April 11, 2005
Along with many other northwesterners, I cringed when I saw the New York Times story that Manhattan markets were selling farmed salmon labeled as wild—a practice that apparently is not unique to New York. (A consumer affairs expert referred to it as “improperly baiting customers.”)
Tests performed for The New York Times in March on salmon sold as wild by eight New York City stores, going for as much as $29 a pound, showed that the fish at six of the eight were farm raised. Farmed salmon, available year round, sells for $5 to $12 a pound in the city.
Since farmed salmon are fed artificial coloring to make them look pink, even experts have a tough time telling the difference by appearance alone. Taste may be a different story. But by then it’s too late. Store officials, meanwhile, had any number of excuses. My favorite is the one who said his sales clerks "must have gotten the salmon from the wrong pile in the back."
It might seem a little odd that the Times is sending reporters to investigate salmon fraud. I see it as a positive sign, testament to growing demand for information about the “secret lives” of consumer products—how they’re produced, what’s been added to them, and what the environmental and health impacts are. Farmed salmon, for example, have been shown to contain more PCBs and other toxics than wild salmon.
One recent win for consumers is a new eco-labeling law for fish, requiring that markets carry information on where certain seafood originated, and whether it was wild-caught or farm-raised. But the law only applies to full-service markets, not to fish markets. So, unfortunately, it's still up to consumers to remember that when they see “fresh, wild salmon" advertised in the store, it might just be a fish story.
Posted by Elisa Murray | Permalink
I read the article too.
I was a bit surprised at the inability to tell farmed from wild salmon by visual inspection.
Correct me if I'm wrong about this. But I thought most if not all farm raised salmon were Atlantic salmon whereas all wild salmon from the Pacific are one of the five species of Pacific salmon. Atlantic salmon should be visually identifiable from Pacfic salmon species by visual inspection, even without the heads, simply by inspecting the spot patterns.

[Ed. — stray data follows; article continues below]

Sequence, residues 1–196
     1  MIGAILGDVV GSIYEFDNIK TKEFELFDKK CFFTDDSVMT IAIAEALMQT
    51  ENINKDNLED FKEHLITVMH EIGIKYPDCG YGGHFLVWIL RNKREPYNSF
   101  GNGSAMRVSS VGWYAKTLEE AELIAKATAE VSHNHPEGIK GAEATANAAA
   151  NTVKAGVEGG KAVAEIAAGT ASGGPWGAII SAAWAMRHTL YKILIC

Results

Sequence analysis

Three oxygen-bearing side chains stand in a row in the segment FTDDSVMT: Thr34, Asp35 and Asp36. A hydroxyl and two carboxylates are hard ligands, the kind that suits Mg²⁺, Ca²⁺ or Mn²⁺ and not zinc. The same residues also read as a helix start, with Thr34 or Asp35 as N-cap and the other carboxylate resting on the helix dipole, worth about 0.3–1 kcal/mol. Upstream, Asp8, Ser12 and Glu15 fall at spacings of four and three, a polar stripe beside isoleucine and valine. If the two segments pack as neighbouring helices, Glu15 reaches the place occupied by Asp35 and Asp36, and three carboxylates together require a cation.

If I recall correctly from my days as a fisheries observer, Atlantic salmon have spots on the side that are both above and below the lateral line. Sockeye and chum salmon have no spots. Pink, Coho, and Chinook salmon have spots but only above the lateral line.
That doesn't take away from the disturbing nature of the NYT story, but informed consumers should be able to identify salmon species in the market.
Posted by: Kent | Apr 11, 2005 1:52:27 PM
You're right that there's no commercial harvest of wild Atlantic salmon (at least on this side of "the pond"--there's still some small harvest in Ireland, Greenland, and the UK). But I did a little Googling and found evidence that Pacific salmon is--at least sometimes--also farm raised. I too, had been under the impression that only Atlantic salmon was used in aquaculture, but this appears to not be true.
As for telling the species apart by sight, it's a great idea for inspectors. An expert should be able to distinguish them, I believe. (But speaking as an occasional sport fisherman, I doubt general consumers will ever get to a level of confidence in their observations that they would trust themselves over the labelling. I, for one, would doubt myself. Not only are there five species of Pacific salmon, but their markings change substantially over their lifetimes and in some cases resemble Atlantic markings.)
Another interesting twist: not all Pacific salmon are from the Pacific. The Great Lakes have artificial but sustaining salmon runs of Chinook and other species. So it's possible to catch wild "Pacific" salmon in upstate New York.
Posted by: Eric | Apr 11, 2005 2:18:50 PM
Perhaps you're right about consumers. Not everyone handles fish for a living.
However any experienced inspector or buyer should be able to identify salmon at a glance. You just learn to read the clues intuitively.
The problem, I think, with fish is that they are marketed through such a tangled web of small independent fishmarkets and dealers. That's good I suppose in that the industry is still diverse as compared to say poultry. But on the other hand, too many small actors means that this sort of fraud is more likely.
This same sort of fraudulent mis-labeling would be much more difficult to pull off in a vertically integrated industry like the poultry industry. Not because Con-Agra or Tyson are better corporate citizens. But because the risk is so much greater for a large firm, and it's much more difficult to plead ignorance or mistakes when you control all the steps in the process from production to market
Posted by: Kent | Apr 12, 2005 5:59:10 AM
It is often easy to tell farmed from wild salmon
1) the fins on farmed salmon, in partucular the tail fin, more often than not will show signs of wear and will in fact be less pointed. Instead the tails will be rounded.
2) It is often easy to tell by looking at the meat. Farmed salmon is fed a high fat diet and more often than not you can see definite white fat lines between the muscle segments. Wild salmon will have a light patch, but in general farmed salmon meat has a more orange colour and will exhibit a clear white fat line.
Posted by: fraser | Apr 12, 2005 11:10:19 AM